The government's response to the new peace initiative, attributed to Yossi Beilin and Yasser Abed Rabbo, and to the terrible bombing at Haifa's Maxim restaurant, prove the validity of the expression that whoever holds the hammer tends to see every problem as a nail.
The proposed plan, details of which have not yet been made public, resulted in an instinctive response by Prime Minister Ariel Sharon: he attacked it and accused the Israeli initiators of cooperating with the Palestinian enemy. In other words, Sharon rejects even the attempt to present the public with an alternative to his policy toward the Palestinians. The prime minister automatically rejects a diplomatic solution and thus manifests his view that the only way of ending the conflict is through military victory.
Sharon is realizing his approach from the beginning of his tenure. He has led a forceful, intense approach against the murderous Palestinian terrorism, by far more powerful and extensive than his predecessor, Ehud Barak. He has enjoyed broad public support for his policy: it is viewed as beyond reproach and as the proper response to Palestinian violence. Sharon's stance has led to the reoccupation of the West Bank cities, to curfews and sieges, to air attacks and assassinations, whose legality is questionable and whose implementation raises ethical objections. The Israel Defense Forces has made use of nearly every form of violence in order to block Palestinian terrorism, but the prime minister's policy has failed if we judge its results: Sharon has been in power for nearly three years and the situation in the country, in general, and in the confrontation with the Palestinians, in particular, is worse than when he was elected.
The failure stems from the tendency of the Sharon government to regard the Palestinian problem as a nail. Against the Palestinians - compared to the other Arab countries bordering it - Israel is, in its own eyes, a hammer. It has the military might that enables it, in its view, to pulverize any threat the Palestinians may pose. Therefore, the key words in the vocabulary of the Israeli decision makers are "warning," "price tag," and "victory." Therefore, when an indiscriminate suicide bombing is carried out in Haifa, the government's hot-headed response is to bomb deep inside Syrian territory. Therefore, when the defense minister is faced with Israel's continued exposure to terrorist attacks, he orders that four battalions of reservists be called up and talks with rage and frustration about his unwillingness to put up with any more attacks. Therefore, the heads of the defense establishment support plans to assassinate/expel/silence Yasser Arafat, arguing that this is how they will destroy the nerve center that manages terrorism.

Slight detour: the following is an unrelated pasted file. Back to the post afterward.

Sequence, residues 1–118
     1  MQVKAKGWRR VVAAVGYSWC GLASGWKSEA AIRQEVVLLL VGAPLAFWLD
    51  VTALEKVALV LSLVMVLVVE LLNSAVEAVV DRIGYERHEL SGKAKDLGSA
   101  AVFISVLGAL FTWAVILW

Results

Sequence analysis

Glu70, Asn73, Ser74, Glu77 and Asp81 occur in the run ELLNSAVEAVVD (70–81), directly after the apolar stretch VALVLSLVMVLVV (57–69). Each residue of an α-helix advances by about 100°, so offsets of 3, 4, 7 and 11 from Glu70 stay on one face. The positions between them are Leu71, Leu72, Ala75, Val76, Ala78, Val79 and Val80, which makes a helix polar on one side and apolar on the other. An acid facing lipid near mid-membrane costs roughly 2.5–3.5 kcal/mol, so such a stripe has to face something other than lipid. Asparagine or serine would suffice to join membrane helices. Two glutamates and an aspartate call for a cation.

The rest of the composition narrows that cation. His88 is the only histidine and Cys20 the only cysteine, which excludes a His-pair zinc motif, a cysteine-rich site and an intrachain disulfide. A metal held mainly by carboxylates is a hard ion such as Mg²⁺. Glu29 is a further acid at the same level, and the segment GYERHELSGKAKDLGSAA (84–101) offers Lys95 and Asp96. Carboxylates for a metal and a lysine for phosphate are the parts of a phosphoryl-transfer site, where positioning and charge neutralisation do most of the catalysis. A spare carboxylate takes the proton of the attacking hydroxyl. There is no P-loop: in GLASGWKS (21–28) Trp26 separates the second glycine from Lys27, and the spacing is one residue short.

This is the narrow-minded approach of someone who holds military might and believes that, through it, it is possible to end all problems. It is understandable, and perhaps welcome, at the mid-level and the lower levels of the high ranks (the expectation is that battalion, brigade and, at times, division commanders will usually carry out their missions in full, without second thoughts). However, it is inexcusable at the General Staff and at the higher political decision-making echelons. The prime minister, the ministers sitting in the security cabinet, the chief of staff and the generals are expected to have a complex analytical approach and broader outlooks when it comes to evaluating reality.
In this task, the country's and the army's leaders have failed since October 2000. They have only paid lip service to the need to balance the Israeli-Palestinian dialogue, but in practice they have contributed to interrupting the diplomatic steps taken (for example the continuation of assassinations of leaders of terrorist organizations during periods of relative calm).
The Israeli-Palestinian conflict cries out for a compromise solution. The effort currently being attempted by public figures on both sides, to propose a new formula, is the right way. The cure to the justified disappointment with the Oslo Accords is not only the use of military force, as has become abundantly clear during the past three years.
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